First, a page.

Frankenstein is by no means the first Gothic novel. Instead, this novel is a compilation of Romantic and Gothic elements combined into a singular work with an unforgettable story. The Gothic novel is unique because by the time Mary Shelley wrote Frankenstein, several novels had appeared using Gothic themes, but the genre had only been around since 1754.
The first Gothic horror novel was The Castle of Otranto by Horace Walpole, published in 1754. Perhaps the last type of novel in this mode was Emily Bronte's Wuthering Heights, published in 1847. In between 1754 and 1847, several other novels appeared using the Gothic horror story as a central story telling device, The Mysteries of Udolpho (1794) and The Italian (1794) by Ann Radcliffe, The Monk (1796) by Matthew G. Lewis, and Melmouth the Wanderer (1820) by Charles Maturin.
One of the most important aspects of any gothic novel is setting. Mary Shelly's Frankenstein is an innovative and disturbing work that weaves a tale of passion, misery, dread, and remorse. Shelly reveals the story of a man's thirst for knowledge which leads to a monstrous creation that goes against the laws of nature and natural order. The man, Victor Frankenstein, in utter disgust, abandons his creation who is shunned by all of mankind yet still feels and yearns for love. The monster then seeks revenge for his life of loneliness and misery. The setting can bring about these feelings of short-lived happiness, loneliness, isolation, and despair. Shelly's writing shows how the varied and dramatic settings of Frankenstein can create the atmosphere of the novel and can also cause or hinder the actions of Frankenstein and his monster as they go on their seemingly endless chase where the pursuer becomes the pursued.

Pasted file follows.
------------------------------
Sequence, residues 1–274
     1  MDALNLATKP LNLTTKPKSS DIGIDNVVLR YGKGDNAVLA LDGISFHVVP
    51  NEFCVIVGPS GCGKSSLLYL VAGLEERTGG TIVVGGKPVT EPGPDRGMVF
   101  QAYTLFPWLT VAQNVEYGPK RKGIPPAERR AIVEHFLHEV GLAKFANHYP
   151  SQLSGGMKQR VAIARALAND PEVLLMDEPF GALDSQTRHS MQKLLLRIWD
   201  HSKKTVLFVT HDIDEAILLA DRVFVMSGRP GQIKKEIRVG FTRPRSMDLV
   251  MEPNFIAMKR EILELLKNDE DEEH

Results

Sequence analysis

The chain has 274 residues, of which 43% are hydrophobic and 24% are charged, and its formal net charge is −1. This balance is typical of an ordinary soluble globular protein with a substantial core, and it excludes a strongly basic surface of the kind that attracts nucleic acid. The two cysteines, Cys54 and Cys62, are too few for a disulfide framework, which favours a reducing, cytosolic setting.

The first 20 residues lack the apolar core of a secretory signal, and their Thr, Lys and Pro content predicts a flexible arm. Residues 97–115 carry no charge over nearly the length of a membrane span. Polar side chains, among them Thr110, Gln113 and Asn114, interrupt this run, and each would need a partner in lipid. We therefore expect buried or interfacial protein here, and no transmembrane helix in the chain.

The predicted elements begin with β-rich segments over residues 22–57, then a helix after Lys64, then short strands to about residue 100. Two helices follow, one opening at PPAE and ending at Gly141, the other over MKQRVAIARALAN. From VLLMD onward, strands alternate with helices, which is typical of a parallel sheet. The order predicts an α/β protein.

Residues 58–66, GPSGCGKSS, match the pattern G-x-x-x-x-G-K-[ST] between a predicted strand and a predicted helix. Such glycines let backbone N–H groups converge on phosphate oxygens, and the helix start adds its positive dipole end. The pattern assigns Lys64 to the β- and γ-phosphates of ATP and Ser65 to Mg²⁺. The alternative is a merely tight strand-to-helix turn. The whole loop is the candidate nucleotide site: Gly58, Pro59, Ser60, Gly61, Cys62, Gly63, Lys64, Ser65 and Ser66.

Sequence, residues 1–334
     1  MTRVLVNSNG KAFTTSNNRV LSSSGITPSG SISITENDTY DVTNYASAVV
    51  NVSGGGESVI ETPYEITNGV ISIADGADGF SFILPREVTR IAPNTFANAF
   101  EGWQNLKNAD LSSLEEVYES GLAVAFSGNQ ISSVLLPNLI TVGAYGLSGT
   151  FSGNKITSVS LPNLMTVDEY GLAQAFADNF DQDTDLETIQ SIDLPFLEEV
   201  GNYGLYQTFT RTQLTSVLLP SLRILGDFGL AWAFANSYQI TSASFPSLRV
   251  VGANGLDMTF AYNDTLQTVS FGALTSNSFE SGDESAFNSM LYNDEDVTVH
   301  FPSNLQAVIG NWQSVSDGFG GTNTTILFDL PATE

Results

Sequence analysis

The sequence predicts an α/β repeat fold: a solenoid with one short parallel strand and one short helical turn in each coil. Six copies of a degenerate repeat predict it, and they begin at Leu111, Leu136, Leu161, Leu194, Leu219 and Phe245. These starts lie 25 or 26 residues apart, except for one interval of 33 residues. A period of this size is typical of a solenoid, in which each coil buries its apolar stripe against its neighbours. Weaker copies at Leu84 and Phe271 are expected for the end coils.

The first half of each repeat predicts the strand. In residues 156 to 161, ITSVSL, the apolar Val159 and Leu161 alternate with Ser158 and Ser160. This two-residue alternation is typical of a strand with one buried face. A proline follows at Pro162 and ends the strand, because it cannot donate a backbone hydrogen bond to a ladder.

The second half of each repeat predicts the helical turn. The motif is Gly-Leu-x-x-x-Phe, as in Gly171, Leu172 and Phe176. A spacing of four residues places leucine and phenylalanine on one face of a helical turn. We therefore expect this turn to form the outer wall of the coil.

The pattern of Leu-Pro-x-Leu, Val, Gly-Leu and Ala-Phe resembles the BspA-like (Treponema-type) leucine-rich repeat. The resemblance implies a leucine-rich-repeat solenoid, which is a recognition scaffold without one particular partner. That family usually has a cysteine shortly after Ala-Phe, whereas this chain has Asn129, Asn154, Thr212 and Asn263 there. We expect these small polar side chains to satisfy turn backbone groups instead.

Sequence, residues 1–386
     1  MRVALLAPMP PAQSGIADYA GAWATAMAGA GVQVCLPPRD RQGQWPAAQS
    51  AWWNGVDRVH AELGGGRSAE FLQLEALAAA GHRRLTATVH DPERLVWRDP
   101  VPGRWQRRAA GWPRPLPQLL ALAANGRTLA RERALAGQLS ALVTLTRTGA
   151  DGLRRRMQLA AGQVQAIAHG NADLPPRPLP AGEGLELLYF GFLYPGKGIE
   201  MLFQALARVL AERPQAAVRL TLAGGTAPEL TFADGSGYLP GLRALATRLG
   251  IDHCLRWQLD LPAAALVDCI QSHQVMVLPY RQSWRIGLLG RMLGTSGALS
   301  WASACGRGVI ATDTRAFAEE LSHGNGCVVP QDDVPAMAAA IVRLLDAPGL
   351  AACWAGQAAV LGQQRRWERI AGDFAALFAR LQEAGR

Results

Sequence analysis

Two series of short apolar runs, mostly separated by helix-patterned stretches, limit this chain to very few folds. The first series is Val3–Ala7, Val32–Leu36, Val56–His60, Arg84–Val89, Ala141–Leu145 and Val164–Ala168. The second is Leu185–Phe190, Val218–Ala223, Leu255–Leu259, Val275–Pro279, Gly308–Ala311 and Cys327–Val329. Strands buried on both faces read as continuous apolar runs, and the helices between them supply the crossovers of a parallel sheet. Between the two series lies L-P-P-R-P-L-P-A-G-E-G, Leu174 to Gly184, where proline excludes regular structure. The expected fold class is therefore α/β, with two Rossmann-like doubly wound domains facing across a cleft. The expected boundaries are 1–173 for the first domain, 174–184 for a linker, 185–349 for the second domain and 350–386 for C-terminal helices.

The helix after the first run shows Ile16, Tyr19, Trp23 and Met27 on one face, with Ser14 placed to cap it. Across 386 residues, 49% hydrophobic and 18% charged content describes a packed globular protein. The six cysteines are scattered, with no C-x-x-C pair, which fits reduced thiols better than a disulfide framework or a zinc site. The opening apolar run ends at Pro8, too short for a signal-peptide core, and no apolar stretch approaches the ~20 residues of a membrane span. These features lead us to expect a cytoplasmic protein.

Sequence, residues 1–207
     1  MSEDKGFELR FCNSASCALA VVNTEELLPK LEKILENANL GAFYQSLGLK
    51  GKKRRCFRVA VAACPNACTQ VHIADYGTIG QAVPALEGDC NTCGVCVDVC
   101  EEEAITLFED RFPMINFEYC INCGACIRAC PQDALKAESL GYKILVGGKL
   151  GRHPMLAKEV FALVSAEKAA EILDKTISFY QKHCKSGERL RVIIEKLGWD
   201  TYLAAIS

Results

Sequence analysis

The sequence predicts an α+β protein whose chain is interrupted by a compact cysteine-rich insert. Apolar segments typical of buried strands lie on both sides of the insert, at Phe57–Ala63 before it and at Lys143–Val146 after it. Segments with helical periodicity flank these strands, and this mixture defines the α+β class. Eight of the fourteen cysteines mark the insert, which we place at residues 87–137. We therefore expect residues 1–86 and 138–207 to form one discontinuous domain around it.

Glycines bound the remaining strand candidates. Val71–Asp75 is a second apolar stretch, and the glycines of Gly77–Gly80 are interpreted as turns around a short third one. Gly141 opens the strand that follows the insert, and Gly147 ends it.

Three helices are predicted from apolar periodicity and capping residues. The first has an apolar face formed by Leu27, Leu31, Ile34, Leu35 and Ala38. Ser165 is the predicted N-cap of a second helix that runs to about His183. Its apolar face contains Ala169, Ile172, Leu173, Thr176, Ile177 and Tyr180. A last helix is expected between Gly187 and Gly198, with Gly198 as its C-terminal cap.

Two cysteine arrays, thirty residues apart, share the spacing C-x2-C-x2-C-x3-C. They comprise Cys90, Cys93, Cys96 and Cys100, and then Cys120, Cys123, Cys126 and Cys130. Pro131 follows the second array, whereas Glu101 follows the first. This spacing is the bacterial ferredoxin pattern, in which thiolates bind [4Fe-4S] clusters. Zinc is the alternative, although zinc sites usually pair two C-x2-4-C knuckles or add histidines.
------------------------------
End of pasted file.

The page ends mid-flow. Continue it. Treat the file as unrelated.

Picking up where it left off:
Darkly dramatic moments and the ever-so-small flashes of happiness stand out. The setting sets the atmosphere and creates the mood. The “dreary night of November” (Shelly 42) where the monster is given life, remains in the memory. And...